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Author: Wesley Craig Green

Are Digital Comic Chapters A Viable Business Model for Storytelling?

Penny Dreadfuls was a term used to describe publications created in 19th century Britain featuring sordid and often violent serialized fiction. These publications featured a segment of a larger story over a period of weeks. Charles Dickens used this serialized format for his earlier body of work, selling chapters of his novels as they were completed. This form of serialized storytelling has evolved over the years. Newspapers from the early to mid-20th century (that sounds so long ago, bleh) ran daily comic strips such as Spider-Man, Terry and The Pirates, The Spirit, and countless others which told a larger story each week day. As technology became more dominate in everyone’s lives, the daily comic strip was eventually replaced by web comics. Even though the majority of web comics are of the gag-a-strip type, there are some web comics publishing a number of pages or panels each week which together form a larger story. As a business model, the serial format for web comics is viable and profitable dependent on three key factors: marketing, loyal audience, and longevity. This is where digital comic chapters or chunks (as I like to call them) comes in.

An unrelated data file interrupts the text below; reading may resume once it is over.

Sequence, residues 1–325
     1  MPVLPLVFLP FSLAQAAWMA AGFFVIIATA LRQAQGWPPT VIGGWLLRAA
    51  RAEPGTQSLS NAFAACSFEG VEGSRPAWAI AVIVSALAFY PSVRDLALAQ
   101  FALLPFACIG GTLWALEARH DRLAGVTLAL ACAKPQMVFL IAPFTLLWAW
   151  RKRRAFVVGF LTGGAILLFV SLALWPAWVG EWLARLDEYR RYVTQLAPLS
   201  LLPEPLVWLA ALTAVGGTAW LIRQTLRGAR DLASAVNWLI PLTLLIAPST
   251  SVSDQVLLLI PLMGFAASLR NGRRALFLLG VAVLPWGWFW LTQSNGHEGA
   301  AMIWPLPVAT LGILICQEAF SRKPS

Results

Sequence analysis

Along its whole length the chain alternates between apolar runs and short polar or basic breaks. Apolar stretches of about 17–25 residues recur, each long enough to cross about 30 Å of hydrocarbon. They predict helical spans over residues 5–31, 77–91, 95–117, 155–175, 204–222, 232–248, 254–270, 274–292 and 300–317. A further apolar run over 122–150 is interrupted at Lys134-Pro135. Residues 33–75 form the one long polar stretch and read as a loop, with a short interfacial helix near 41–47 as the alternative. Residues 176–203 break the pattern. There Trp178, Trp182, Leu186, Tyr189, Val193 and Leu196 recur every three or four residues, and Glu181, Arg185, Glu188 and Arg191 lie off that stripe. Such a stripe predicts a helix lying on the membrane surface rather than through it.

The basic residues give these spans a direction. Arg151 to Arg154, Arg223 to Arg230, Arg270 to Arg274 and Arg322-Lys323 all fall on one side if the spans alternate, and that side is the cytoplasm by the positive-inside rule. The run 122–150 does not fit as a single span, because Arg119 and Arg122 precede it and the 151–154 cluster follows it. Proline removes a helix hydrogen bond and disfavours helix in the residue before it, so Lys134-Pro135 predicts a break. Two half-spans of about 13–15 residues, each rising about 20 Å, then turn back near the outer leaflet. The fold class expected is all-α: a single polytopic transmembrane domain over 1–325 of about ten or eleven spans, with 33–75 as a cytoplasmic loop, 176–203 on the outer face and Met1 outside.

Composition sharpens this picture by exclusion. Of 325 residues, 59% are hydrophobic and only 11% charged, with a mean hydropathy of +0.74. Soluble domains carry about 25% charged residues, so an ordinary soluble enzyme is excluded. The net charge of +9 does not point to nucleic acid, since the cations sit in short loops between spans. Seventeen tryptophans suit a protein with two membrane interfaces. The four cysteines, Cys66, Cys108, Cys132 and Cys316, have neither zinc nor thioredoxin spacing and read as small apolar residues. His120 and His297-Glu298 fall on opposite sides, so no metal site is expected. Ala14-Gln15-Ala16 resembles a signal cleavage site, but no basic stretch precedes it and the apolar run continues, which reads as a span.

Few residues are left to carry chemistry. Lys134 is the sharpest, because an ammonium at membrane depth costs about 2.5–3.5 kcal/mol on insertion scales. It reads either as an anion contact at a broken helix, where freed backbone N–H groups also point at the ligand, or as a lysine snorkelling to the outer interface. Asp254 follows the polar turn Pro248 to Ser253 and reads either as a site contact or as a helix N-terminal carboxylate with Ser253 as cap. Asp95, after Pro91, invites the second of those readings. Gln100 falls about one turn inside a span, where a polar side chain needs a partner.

Why I Chose Tumblr To Run My Webcomic

When I brought this blog out of retirement, one of the goals was to use it to serialize my webcomic projects beginning with Before Dawn. Easy enough, right? Wrong. While there are numerous WordPress themes and plugins available, there are only a handful created specifically for webcomics. The ones that are available are mostly themes used as the default theme of your WordPress installation. This isn’t necessarily a bad decision if you’re just using your WP blog for your webcomic. But if you are like me and you plan to use your WP blog for other things- then this will limit what you can do both in functionality and design. I thought I would try using a slide show-type plugin to serialize the Before Dawn webcomic. It worked like it was designed to but it wasn’t created to do what I was using it for. Lesson learned. So I was back to square one. I wanted to run the Before Dawn webcomic on this blog but there wasn’t a solution out there suitable to my needs. This is when I had one of those “duh!” moments: why not use Tumblr?